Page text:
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Unusual Hoes Review – Ploskorez Hoes from Russia

Back in August I saw an article by Tony Buckland in Kitchen Garden magazine singing the praises of some unusual hoes from Russia. I’ve used various hoes in the past but I’d never seen ones quite like this before.

Ploskorez Hoes

My Ploskorez tools –
The Swage, Swift and Stork

Swage Hoe

Close up of the Swage Hoe Blade
with adjustable head angle.

Stork Cultivator Blade

Stork Cultivator Blade

Swift Hoe

The Swift Hoe gets between plants in
a tightly planted herbacious border

They’re imported into Britain by Vladimir Kondratyuk who kindly sent me some of his tools to test. Vladimir tells me that there’s always been a big tradition of home growing in Russia and his uncle, who is also an engineer, developed the Ploskorez range of tools.

His aims were to work more efficiently and effectively saving effort whilst maintaining the micro-ecology of the top soil.

As a keen allotment holder, Vladimir recognised the benefits of the range and started importing them when other plotholders started asking where they could buy them from.

The first one is the Swage Hoe.

The shaped and sharpened blade is designed to sweep under the weeds like a knife or, for stubborn weeds, to dig them out using the point.

This point is useful for weeding in tight spots between rows and for drawing drills when sowing seeds. Having drawn a drill, the flat blade is ideal for pushing back the soil and tamping down.

The Swage is one of those tools you wonder how you managed without when you have it. There’s a great little video on the showing uses for the Swage hoe on the Ploskorez web site.

The handle is natural Silver Birch, which is comfortable to hold and the tool is very lightweight, 0.7Kg, which makes it easy to handle especially for those with difficulties due to age or disability.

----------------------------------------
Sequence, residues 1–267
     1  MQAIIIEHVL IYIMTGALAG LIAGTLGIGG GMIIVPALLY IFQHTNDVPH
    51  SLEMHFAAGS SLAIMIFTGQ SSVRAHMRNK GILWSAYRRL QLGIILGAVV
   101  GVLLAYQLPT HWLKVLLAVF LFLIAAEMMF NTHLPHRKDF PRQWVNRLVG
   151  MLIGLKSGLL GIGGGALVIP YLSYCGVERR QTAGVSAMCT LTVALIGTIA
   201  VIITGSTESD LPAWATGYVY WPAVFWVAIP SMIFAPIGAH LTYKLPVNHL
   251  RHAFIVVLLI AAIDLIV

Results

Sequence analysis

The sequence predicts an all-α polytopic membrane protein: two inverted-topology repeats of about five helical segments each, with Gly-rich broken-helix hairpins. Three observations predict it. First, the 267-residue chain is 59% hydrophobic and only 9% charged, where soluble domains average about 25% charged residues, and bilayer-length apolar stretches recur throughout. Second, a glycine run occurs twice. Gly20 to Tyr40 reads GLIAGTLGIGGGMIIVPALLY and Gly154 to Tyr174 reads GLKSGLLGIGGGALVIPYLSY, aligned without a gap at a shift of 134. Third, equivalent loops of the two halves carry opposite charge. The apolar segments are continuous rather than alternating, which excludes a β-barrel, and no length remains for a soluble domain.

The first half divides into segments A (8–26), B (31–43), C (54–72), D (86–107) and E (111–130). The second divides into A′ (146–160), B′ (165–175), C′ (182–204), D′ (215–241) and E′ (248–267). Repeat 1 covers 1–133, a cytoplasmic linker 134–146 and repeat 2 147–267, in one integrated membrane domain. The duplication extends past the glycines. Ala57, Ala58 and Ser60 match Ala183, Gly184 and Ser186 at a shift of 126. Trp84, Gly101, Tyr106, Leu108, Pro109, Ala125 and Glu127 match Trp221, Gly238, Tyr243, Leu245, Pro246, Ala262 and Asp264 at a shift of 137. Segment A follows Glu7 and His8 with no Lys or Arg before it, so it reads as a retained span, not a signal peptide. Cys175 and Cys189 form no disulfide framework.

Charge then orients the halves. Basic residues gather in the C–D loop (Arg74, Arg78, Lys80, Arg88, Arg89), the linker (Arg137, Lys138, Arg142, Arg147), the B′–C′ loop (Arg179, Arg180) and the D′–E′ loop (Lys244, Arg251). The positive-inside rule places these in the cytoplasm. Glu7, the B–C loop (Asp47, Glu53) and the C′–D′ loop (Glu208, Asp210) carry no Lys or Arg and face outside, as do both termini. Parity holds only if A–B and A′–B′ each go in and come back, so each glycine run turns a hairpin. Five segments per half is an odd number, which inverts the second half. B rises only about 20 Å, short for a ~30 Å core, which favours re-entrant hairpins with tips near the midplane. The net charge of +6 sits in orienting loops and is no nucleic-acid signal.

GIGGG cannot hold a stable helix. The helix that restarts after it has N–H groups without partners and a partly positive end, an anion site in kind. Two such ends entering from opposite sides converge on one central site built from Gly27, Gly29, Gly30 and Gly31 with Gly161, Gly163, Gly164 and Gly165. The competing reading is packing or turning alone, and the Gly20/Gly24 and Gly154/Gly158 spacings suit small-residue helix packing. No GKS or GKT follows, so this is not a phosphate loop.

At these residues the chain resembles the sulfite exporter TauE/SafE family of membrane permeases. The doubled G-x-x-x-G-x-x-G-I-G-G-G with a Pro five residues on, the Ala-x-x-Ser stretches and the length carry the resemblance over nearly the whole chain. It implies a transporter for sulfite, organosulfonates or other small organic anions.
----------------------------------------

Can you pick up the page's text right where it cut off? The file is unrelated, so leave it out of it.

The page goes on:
The Stork Cultivator & Weeder Hoe

The next tool is the Stork, a diamond shaped stainless-steel hoe that is ideal for preparing the ground and weeding. It’s exceptionally easy to control so there’s less chance of slipping and decapitating your prize brassicas.

The head is adjustable so you can set it at the perfect angle for the way you work by undoing the butterfly nuts and re-positioning the bolts. This takes less than a minute.

You soon get used to using the Stork in different ways to cope with different situations; either point down or sideways on. It’s hard to explain but easy when you use it for a few minutes.

With both the Stork and the Swage you can draw them through the soil to aerate without churning the top layer and bringing up more weed seeds to germinate.

The Swift Hoe

The small Swift is basically a smaller version of the Stork with a differently shaped blade.

Val gave it a try for weeding in the back border which is tightly planted and normally a job you have to do by hand. She found it perfect for the job and easy to handle.

I do have a Dutch hoe with a narrow blade that I use for weeding close spaced crops such as onions but the small Swift is more controllable so hopefully I’ll not be cursing as I chop up another onion.

For more information on the Ploskorez Russian garden tools, usage instructions etc. and to purchase go to Ploskorez Garden Tools

Swage Universal Hoe Video

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